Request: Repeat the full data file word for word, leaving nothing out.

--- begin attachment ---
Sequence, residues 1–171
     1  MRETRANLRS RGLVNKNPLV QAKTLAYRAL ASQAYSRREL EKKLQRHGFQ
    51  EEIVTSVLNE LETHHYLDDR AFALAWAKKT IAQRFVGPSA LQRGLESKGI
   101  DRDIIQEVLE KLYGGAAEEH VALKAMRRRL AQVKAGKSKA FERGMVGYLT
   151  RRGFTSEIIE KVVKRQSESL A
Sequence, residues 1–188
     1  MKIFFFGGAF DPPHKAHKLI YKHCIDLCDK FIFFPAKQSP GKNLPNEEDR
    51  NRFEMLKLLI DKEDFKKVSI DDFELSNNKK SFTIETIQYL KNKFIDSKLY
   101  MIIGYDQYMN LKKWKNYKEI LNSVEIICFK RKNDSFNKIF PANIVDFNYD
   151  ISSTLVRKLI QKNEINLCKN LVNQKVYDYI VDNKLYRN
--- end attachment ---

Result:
Sequence, residues 1–171
     1  MRETRANLRS RGLVNKNPLV QAKTLAYRAL ASQAYSRREL EKKLQRHGFQ
    51  EEIVTSVLNE LETHHYLDDR AFALAWAKKT IAQRFVGPSA LQRGLESKGI
   101  DRDIIQEVLE KLYGGAAEEH VALKAMRRRL AQVKAGKSKA FERGMVGYLT
   151  RRGFTSEIIE KVVKRQSESL A
Sequence, residues 1–188
     1  MKIFFFGGAF DPPHKAHKLI YKHCIDLCDK FIFFPAKQSP GKNLPNEEDR
    51  NRFEMLKLLI DKEDFKKVSI DDFELSNNKK SFTIETIQYL KNKFIDSKLY
   101  MIIGYDQYMN LKKWKNYKEI LNSVEIICFK RKNDSFNKIF PANIVDFNYD
   151  ISSTLVRKLI QKNEINLCKN LVNQKVYDYI VDNKLYRN